Last year, our Leaning Tower of Pisa gingerbread project got an honorable mention from our local county competition. We knew we'd have to ratchet it up for this year, so we decided to build a the Roman Colosseum in gingerbread.
The first thing to decide is how to create the curves for the oval shape of the Colosseum's walls. Last year, we developed a technique to mold sections of gingerbread as soon as they come out of the oven a bit under-done... we formed the curved walls of the Pisa tower like this. But in this case, the Colosseum is oval with each section of wall at a different radius. I would have had to build large multi-sectioned forms to create the curved parts. Instead, considering the scale we were working in (on a 24" square base) we thought we would make the walls in sections and then cut them apart and mortar them back together with colored royal icing. OK, so we had a basic plan to approach the overall shape, but how about the details?
After some exhaustive research, I found architectural drawings of both the floor plan and the wall elevations and used Photoshop to scale them to fit our 24" square board onto which our Colosseum would be built. I had to make adjustments to the scale of certain elements of the plans first. Instead of 80 arches I cut it in half to 40, afraid that if I cut arches to scale out of the gingerbread, the narrow arches (they would have been less than 1/2" wide) might have closed up as the gingerbread baked. I also wanted larger arches so I could install something to represent the statues in each arch as it appeared in ancient times. We were going to use gummy bears for the statues.
It took some doing, scaling things up and down, taking lots of measurements and Photoshop work, then porting the resulting plans over to MS Publisher so I could print the plans out life size as tiled prints, which I taped back together. There were sets of prints that I used to make templates for walls and other elements, and other prints that I used to assemble a three dimensional paper model so I could figure out where specific elements needed to go or where I might have to tweak the scale a bit more (for instance, we shortened the inner wall a bit so our audience could more easily look into the arena to see the "Battle of the Colossus" we were planning to install.
After we had our templates cut out, we started to roll out gingerbread from a special recipe we use for construction--it's harder and spreads less than standard recipes. We used two batches: one with light corn syrup and one with dark corn syrup so we would have two slightly different colors of walls or elements to work with. (The real Colosseum has many different colors of earth tones on its facade).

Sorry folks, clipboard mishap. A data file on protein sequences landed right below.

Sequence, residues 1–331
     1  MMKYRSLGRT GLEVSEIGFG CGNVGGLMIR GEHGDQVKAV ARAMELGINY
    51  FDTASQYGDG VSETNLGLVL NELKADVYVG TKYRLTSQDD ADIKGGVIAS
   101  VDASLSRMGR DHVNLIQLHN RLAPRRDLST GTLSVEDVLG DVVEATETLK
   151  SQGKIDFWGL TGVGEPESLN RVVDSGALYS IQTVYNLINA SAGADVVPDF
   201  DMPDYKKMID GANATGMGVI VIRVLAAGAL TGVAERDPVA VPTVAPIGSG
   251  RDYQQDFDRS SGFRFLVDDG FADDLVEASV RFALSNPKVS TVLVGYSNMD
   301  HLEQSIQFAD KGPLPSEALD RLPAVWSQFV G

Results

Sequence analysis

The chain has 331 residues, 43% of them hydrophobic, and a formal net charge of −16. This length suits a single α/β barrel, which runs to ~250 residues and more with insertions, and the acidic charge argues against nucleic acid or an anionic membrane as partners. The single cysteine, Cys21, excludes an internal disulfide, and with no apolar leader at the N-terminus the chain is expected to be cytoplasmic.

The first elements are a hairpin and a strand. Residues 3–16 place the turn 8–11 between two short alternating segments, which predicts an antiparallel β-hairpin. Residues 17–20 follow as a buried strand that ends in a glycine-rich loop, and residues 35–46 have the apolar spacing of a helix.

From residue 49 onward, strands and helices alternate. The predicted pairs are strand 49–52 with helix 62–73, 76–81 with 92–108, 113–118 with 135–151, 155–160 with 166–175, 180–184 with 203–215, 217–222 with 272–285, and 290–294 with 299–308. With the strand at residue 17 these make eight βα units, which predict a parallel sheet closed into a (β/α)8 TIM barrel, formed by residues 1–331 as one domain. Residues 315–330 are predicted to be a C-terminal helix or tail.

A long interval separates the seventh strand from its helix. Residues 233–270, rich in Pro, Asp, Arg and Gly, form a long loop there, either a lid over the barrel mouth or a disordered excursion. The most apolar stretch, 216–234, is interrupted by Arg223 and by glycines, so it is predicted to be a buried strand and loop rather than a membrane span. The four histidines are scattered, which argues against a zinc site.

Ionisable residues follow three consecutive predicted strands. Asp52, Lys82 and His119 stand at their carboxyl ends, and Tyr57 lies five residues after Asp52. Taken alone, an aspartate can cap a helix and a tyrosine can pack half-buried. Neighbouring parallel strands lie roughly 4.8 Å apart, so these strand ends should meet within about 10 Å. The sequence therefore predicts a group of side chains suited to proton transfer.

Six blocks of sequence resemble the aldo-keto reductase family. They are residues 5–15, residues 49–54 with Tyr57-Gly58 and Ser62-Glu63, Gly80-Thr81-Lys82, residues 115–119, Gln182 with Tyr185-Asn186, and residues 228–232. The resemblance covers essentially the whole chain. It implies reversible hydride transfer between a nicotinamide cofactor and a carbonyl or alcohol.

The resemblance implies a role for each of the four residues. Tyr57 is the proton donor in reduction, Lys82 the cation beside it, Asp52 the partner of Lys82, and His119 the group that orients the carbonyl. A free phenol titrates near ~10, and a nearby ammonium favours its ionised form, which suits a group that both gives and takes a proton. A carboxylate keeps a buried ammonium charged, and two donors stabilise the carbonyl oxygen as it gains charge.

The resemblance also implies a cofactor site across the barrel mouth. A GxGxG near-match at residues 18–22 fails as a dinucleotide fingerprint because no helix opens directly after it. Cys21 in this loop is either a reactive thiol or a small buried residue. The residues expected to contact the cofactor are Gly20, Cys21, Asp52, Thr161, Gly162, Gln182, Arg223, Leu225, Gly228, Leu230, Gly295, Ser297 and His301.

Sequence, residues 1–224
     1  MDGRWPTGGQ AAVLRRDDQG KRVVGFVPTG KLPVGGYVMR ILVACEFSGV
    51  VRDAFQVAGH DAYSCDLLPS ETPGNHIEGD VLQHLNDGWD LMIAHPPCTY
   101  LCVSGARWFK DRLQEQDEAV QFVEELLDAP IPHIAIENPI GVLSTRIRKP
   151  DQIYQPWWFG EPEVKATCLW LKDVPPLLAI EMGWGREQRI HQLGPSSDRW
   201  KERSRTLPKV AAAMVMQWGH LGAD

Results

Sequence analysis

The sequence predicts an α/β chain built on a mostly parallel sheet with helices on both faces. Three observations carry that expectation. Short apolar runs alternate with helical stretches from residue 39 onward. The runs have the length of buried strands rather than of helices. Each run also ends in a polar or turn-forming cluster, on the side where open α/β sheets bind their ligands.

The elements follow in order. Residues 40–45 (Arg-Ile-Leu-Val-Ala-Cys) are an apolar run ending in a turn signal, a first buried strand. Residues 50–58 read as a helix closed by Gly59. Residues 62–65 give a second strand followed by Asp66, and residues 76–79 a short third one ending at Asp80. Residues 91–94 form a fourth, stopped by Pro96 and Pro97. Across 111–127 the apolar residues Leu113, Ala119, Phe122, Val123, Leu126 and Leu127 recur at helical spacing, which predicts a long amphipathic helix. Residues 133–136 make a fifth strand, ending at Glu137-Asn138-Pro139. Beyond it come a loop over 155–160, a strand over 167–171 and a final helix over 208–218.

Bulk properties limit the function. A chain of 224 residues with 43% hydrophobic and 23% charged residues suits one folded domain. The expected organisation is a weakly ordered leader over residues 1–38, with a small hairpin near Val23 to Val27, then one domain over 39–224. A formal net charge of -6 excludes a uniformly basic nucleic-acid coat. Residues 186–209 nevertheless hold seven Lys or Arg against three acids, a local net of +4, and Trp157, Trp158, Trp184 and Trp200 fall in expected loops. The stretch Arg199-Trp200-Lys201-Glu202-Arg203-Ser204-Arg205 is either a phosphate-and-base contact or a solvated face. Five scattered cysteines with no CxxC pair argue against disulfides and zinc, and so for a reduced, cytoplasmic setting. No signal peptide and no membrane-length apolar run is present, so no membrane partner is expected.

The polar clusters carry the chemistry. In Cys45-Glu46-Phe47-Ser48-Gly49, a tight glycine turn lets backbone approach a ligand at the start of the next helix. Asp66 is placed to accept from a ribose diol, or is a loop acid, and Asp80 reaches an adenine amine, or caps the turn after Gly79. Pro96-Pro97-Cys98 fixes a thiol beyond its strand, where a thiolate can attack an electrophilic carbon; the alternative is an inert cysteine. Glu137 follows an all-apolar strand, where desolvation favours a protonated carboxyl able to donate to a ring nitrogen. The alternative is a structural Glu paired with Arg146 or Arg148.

Both my son Lucas and I worked on making the elements... cutting out arches, hand cutting special shapes, texturing the walls to look like brick and stone, and sawing apart wall sections to make the appearance of curved walls. As you can see in the photos above, we even developed a technique to pipe the gingerbread dough. We took balls of dough and wet them briefly under the faucet, then worked water into the dough until it got very slushy without being too wet--just slippery enough to be pumped out of a piping bag and pastry tip. It worked fantastically.
After about a week of research and another 3 days of baking and prepping wall sections and other elements, we filled three pizza boxes with all the gingerbread parts for our Colosseum and got to work assembling with only two days left before we had to present our creation...
Although we were entered into the "Authentic Reproduction of a Significant Structure" category, we wanted to add a bit of humorous element for the kids that would be viewing our Colosseum for 6 weeks during the holiday season. We decided to place two gladiator combatant Gingerbread Men in the arena styled after the "Gingy" character from the Shrek film franchise. We would have one tripping the other using a candy cane, and the other bopping a lollipop sucker over his head.
I wanted these to look animated, so I used foil to prop up parts of the arms, legs and heads during baking. A long bamboo skewer for support was baked into each gingerbread gladiator and would be hot glued into the plywood base of the arena.
I was originally going to sculpt a human form for our Sun God-Colossus statue, but thought it would be funnier to make him into a gingerbread man--except instead of bronze (I didn't have any bronze Luster Dust) I used modeling chocolate to sculpt a marble statue.
In the end, we were very satisfied with the results and won Second Place (with a decent cash prize and ribbon) for our efforts. I will admit to being frustrated and confused about not taking First Place over the poorly executed and not architecturally correct "Rockefeller Center Ice Skating Rink" that won the grand prize. We had put so many different techniques into ours and had built a nearly architecturally correct Colosseum, while the First Place winner had only flat panels of gingerbread and no architectural details at all (no gold statue of Prometheus?)
No matter, we're still proud of our effort this year!
What do you think?